Sunday, October 12, 2014

Mobile Retreating

Motorhome or RV, Camper Trailer makes a pretty good base of operations. Got one that can pull a trailer of some capacity and your needs might be met.

Bugging-out with gear and supplies to enable self-sufficiency is a real option if you have the transportation, the gear, or the skill...

RV is very worthy option as it is self-contained and mobile in the extreme. Not really as versatile as a 4x4 with a camper but very able to go many remote places if you know your vehicle and observe clearances and have tools to move blockages like downed trees and maybe a chainsaw to enable passage...

An RV can be connected to large portable propane tanks or even a stationary one. Would be pretty ideal to have a land parcel with septic, well, and electric access, plus large propane tank. Even better, were there a barn or steel building on the site, you park inside and run your connections from there. Not a big deal to lay some plastic pipe for water and waste, and pretty easy to add a 40/60amp breaker to an existing box and route UG (underground rated) sheathed 6awg wire w/3 conductors and ground to a new box linked to your RV input cable. Live water source is easily connected and you also have water tank on-board storage. 

Got some of these options? Pretty easy to make them work for you...

No such facility? Not to worry....

Cresson Kearny's book has some great ideas for bug-out living. Expedient sheltering info there is unique and very doable. Ground not yet frozen where you are? You're in business. Read the chapter. Family w/2 teenage girls built their shelter in 14hrs. The over-pressure protections will also serve to keep warmth in and rain/elements out.

This shelter could be dug in some back acreage of a national forest or BLM/Public land. Would sure not be too visible unless you took no effort to make it very noticeable. Probably not in your interest to do so. In Kearny's book, the family brought tools and an exterior door from their home, in no solid interior door available. Plywood would also serve with some 2x4 or heavier reinforcing. A sedan size auto can carry plywood strapped to the roof, or in a trailer. Truck, of course is no problem...

Kurt Saxon had basic plans for a earth-insulated cabin. Dig a pit in footprint of your desired cabin, about 5' deep. Erect a side pony wall or notch and scribe logs to fit. Make some basic trusses or a cabin roof and use treated plywood, and 6mil plastic sheeting overlapping seams if have any and then cover with the dirt you removed, or use real roofing. Put together w/screws or bolt together the 4x8 sections and you have a portable shelter. Build a wall frameworkand wrap with 6mil plastic on sides and floor and you have a pretty strong weather-tight shelter that has earth insulation and warming effects.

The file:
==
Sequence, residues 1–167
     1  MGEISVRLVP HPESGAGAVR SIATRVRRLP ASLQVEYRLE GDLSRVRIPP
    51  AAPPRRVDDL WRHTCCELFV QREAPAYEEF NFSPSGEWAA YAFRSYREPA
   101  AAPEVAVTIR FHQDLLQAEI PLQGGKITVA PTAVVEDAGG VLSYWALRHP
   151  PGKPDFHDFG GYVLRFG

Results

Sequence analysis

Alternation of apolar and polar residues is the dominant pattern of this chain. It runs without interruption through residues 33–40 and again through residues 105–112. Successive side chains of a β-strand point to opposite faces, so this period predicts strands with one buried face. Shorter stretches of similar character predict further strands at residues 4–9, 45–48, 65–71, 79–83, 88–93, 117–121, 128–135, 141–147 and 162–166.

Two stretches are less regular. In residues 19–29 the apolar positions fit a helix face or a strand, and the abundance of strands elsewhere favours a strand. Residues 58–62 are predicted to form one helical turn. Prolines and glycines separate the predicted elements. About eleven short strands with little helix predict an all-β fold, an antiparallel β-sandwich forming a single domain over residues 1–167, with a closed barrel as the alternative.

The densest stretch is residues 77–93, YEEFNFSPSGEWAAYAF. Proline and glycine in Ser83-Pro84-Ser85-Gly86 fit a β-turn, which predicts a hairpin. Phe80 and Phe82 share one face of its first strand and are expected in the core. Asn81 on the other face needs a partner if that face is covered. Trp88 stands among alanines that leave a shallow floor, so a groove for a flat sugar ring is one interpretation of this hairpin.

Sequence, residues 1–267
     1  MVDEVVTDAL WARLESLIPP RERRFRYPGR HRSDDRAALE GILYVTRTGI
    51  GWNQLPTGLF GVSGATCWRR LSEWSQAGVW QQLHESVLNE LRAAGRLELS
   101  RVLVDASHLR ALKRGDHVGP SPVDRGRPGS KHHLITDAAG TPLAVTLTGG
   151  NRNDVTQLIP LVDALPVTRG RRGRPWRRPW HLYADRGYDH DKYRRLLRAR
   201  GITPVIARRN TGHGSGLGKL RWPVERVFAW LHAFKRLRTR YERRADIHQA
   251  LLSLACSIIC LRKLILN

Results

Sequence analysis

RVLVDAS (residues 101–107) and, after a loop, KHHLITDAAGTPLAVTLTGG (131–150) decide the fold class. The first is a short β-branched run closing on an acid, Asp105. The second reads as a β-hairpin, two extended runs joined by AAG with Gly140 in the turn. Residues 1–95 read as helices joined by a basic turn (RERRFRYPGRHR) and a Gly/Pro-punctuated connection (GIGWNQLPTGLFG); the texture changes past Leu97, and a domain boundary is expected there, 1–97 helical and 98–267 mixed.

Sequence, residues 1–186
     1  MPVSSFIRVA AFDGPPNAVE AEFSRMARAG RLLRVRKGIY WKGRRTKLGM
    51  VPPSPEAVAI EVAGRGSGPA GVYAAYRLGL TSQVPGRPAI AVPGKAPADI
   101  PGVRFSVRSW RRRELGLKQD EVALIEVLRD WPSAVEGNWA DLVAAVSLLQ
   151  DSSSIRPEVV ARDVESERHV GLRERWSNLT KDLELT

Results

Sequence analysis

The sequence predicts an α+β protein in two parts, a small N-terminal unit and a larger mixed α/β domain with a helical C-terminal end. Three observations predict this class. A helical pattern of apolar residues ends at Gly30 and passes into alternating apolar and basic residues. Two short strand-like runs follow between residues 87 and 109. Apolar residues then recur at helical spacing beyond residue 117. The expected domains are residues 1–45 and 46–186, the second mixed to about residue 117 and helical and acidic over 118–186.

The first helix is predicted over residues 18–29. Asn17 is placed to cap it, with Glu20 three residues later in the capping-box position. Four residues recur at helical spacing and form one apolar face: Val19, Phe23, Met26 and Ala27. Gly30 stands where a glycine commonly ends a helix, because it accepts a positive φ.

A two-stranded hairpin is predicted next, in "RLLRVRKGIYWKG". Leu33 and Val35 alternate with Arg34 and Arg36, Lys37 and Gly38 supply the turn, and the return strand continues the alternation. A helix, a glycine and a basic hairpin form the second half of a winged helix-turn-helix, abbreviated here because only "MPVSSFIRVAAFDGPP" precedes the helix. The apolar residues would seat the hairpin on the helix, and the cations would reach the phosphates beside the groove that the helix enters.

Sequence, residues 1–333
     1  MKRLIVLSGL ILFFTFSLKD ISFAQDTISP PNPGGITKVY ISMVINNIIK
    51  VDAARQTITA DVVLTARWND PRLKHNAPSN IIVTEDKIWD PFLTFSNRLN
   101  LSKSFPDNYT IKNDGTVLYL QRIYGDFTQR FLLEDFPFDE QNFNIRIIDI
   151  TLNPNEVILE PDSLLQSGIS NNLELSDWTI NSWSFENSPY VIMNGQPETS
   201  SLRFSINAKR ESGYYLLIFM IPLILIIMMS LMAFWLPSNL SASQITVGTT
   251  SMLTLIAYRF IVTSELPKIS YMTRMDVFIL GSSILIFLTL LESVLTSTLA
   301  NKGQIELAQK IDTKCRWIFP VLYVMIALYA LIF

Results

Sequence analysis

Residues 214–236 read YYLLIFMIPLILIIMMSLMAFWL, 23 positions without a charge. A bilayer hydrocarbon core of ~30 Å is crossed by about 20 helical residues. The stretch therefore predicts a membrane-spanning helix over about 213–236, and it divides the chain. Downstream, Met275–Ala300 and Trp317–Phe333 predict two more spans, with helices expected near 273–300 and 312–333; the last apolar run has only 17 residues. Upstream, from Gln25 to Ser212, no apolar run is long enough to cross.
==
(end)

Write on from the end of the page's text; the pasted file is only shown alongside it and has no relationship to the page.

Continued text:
Pit toilet with lime for bio degradation will work. 5gal paint bucket w/kitty litter (clay type) will serve also. Need to observe all sanitation practices and be able to filter your water. A drip reservoir filter with candle elements like Berkey or Katadyn is a fine gravity powered asset to have. Might be able to use a Water Bed Mattress as a bladder and a small electric pump to draw water from lake or stream. Cleaner water source the better, of course. 5 gal paint bucket w/lid is also good for manual transport if don't have a water jug or other plastic tank to use.

Got a Yurt or GI type wall tent? With a liner and wood stove or fuel heater, these can be as warm as most houses. Yet you are still able to move camp when necessary.

I have a large military surplus tent, 32 ft oal and with liner it weighs about 300lbs. Poles and stakes add more weight of course, but this tent has been transported by ATV into wilderness and sets up in several hours once all laid out and ready. Very compact and fast to assemble. If you were truck camping, maybe you carry pallets and plywood to have a real floor? Woodstove for cooking and heat would give you a secure and comfortable home. A few other smaller tents like you find at a resale shop or on-sale closeout at Target will shelter your gear and supplies. Maybe you are using a fairly large trailer to bring supplies onto your land? Convert your trailer to living quarters after you get situated and you have great potential for another comfortable living quarters. There are small woodburning stoves for tenters that will work for small enclosedd structures. With electric system you have many more choices.  

See previous article of Sep `14 for overview of Alternative Electric, off-grid resources.

As far as portable AE systems go, 250w solar panels can be mounted on motorhome or trailer roof.  Battery amp hours is the determining factor, but can be managed with efficient generator that teams with your inverter, like the Magnum Hybrid or Schneider Xantrex units.  Honda or Yamaha inverter gensets offer some very good flexibility and fuel efficiency, not to mention are Relatively Quiet.  Probably have a factory original Onan or Kohler genset if you own a motorhome or Class C RV.  Even if you have one of these long-lived durable gensets, there are good reasons to own a smaller, portable and fuel efficient unit like the Honda/Yamaha 1000 & 2000w units.  Also a good reason to own a high power battery charger like the Iota Charger/Converter series.

Point of all this is, like Gypsies who were the first caravanner/RVers, being able to move at a moments notice and not lose all you have is a great resource to make available.  

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